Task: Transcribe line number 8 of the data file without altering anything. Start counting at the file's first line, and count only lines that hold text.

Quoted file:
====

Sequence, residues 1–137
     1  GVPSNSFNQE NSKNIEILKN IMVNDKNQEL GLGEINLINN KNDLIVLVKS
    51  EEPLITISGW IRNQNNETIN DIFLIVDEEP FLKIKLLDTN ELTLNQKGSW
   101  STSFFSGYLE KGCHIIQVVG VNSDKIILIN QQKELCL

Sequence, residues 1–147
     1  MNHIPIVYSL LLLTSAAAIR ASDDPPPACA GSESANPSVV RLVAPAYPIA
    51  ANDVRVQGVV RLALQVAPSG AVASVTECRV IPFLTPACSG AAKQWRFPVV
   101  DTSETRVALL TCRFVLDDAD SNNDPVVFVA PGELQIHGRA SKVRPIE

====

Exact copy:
   101  DTSETRVALL TCRFVLDDAD SNNDPVVFVA PGELQIHGRA SKVRPIE